Decreased mobility of hemiplegic upper limb is a common dyskinesia after stroke. At present, clinical researchers have established a number of treatments to improve upper extremity motor function (1). Compared with a single intervention, a combination approach of different techniques has been proven to be better for alleviating movement disorder (2). Lots of trials have shown that movement function improvement after stroke can be enhanced by non-invasive brain stimulation techniques combined with conventional clinical practice (3–6).
Repetitive transcranial magnetic stimulation (rTMS) is one of non-invasive brain stimulations, and could modulate cortical activity. Stroke is considered to be one possible reason for imbalance of interhemispheric cortical inhibition. rTMS could rebulid the interhemisphere balance by down-regulating the excitability of the non-lesioned hemisphere with low frequency stimulation or up-regulating the lesioned excitability by high frequency stimulation (6). Randomized controlled trials have shown that short courses of inhibitory, contralesional rTMS can improve the motor function of hemiplegia after stroke (7, 8). Evidence suggested that maximum control of the lesioned hemisphere is associated with better function (9, 10). Early damage affected the ability of upper motor neurons to compete with lateral neurons to dominate motor neurons (11). Inhibition of contralateral primary motor cortex (M1) with 1 Hz rTMS may enhance hemispheric motor function. This method has revealed efficacy in the stroke rehabilitation for adults although they do not share the same models (8). Recently, the positive effects of HF-rTMS and LF-rTMS on movement disorder after stroke have been supported by accumulating evidence (7). And LF-rTMS has been confirmed to be in correlation with improved function in patients with chronic stroke (12, 13). Nowadays, a meta-analysis by Zhang et al. evaluated the therapeutic potential of LF-rTMS on stroke-induced upper limb movement disorder and cortex plasticity. This research supported that, as an add-on therapy, LF-rTMS successfully alleviated the hemiplegic upper limb motor deficit and significantly promoted upper limb function improvement after stroke (14).
Another non-invasive neuromodulation technique-motor imagery (MI), has been validated to increase the efficacy of rehabilitation and improve the performance of tasks associated with MI in patients after stroke (15–17). The functional recovery of most stroke patients occurred mainly in the first 3 months, and the functional gain obtained in the chronic phase was limited (18). A possible cause of limited functional recovery in the chronic phase is learned nouse. Patients with severe impairment cannot use their paretic limbs in daily activities may be the reason (19). MI is a dynamic state during which the subject mentally simulates a specific movement without any obvious movement (20). It means that MI has no strict restrictions on the patient’s upper limb motor function, so it can be applied to stroke patients with poor function in chronic phase. According to previous studies, MI and motor execution share the same neural networks related to motor function (17, 21, 22). These findings support the idea that MI can be used as a substitute for physical exercise which is difficult for patients to do (23). MI training was assumed to enhance motor recovery in stroke rehabilitation (24). Based on traditional rehabilitation training, MI training is more effective than conventional training alone (17). For example, Kang et al. and Xu et al. demonstrated an increase in neural activity in the motor area during MI training (25, 26). And Kawakami et al. also investigated changes of cortex in reciprocal inhibition following MI in patients with chronic stroke, and reported positive plastic changes during mental practice with MI (27). In another pilot study, Mihara et al. demonstrated that NIRS-mediated neurofeedback MI could enhance the ipsilesional premotor area activation in correlation with MI training and could have significant effects on the motor deficit recovery in stroke patients. Besides these findings, they also found that the change of cortical activation was related to the recovery of the hand function (19).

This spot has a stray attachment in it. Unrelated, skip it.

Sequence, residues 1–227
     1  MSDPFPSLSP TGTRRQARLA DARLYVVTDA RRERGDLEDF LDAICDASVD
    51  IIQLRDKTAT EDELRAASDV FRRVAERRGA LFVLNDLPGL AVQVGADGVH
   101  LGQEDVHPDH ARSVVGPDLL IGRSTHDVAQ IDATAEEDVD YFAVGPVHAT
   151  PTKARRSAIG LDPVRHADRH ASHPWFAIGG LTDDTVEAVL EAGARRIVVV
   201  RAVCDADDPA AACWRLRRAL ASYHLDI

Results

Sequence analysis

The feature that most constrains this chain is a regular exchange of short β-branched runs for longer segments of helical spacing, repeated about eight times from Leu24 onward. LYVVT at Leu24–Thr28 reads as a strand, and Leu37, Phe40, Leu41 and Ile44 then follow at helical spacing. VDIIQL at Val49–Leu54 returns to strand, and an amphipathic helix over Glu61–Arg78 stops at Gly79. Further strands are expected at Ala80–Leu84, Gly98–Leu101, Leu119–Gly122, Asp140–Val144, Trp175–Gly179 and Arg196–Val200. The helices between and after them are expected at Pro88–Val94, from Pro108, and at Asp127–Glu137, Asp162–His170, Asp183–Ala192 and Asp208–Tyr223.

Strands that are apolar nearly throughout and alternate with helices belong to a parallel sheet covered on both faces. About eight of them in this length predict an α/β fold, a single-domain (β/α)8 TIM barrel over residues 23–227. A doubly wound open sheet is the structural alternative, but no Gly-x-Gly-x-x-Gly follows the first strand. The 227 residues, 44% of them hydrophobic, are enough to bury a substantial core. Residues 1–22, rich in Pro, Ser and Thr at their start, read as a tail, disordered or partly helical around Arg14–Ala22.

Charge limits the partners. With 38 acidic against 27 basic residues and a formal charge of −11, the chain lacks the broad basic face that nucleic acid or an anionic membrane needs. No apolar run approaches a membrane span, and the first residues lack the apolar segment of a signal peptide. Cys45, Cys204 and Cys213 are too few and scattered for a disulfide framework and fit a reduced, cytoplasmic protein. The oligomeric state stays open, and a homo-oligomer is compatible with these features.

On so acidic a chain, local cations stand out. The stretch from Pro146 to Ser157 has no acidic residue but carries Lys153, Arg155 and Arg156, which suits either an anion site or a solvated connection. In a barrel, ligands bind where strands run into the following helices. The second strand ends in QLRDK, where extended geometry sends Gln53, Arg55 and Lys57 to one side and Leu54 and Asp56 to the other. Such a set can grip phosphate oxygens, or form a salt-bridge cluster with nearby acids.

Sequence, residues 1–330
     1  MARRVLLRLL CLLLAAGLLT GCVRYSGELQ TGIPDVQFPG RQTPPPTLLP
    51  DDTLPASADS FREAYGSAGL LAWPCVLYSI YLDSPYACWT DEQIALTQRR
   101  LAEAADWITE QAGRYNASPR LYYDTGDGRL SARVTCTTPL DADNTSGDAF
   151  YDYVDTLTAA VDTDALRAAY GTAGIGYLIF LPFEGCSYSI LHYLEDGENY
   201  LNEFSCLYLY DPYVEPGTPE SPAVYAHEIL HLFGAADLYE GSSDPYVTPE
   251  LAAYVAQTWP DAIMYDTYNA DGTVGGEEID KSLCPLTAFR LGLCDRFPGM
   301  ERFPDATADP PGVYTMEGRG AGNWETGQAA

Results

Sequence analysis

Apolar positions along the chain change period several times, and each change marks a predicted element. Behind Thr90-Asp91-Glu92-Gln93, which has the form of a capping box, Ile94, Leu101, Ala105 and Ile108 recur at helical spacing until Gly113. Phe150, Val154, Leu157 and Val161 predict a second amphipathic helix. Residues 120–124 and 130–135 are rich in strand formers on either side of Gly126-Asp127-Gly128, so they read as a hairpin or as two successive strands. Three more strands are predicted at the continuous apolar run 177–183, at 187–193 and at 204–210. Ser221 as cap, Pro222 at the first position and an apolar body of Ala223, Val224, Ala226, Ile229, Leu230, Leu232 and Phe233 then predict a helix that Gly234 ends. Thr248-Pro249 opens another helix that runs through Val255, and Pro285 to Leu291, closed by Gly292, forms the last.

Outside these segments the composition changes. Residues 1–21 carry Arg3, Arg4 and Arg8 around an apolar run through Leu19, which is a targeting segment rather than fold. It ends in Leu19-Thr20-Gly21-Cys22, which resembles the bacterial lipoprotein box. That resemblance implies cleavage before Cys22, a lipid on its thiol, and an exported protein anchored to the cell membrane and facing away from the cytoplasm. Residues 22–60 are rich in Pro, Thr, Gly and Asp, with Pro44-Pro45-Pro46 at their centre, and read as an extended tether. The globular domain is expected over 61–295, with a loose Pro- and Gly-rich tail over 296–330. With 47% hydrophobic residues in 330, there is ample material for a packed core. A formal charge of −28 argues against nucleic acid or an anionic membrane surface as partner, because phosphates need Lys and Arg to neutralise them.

In view of the fact that rTMS and MI have no strict restrictions on the limb function of patients with chronic stroke, this study intends to combine the two interventions to maximize the motor function recovery of patients. As the author know, few studies explore whether the effect of LF-rTMS can be enhanced by combining with MI on upper extremity activity. In this study, we hypothesize that combination therapy of LF-rTMS with MI training will promote recovery from upper limb movement disorder in patients after chronic stroke; we also predict that activities of daily living might improve accordingly.
Therefore, the objective was to investigate the effects of LF-rTMS combined with MI on improving motor functions of hemiplegic upper extremity in chronic stroke patients.[…]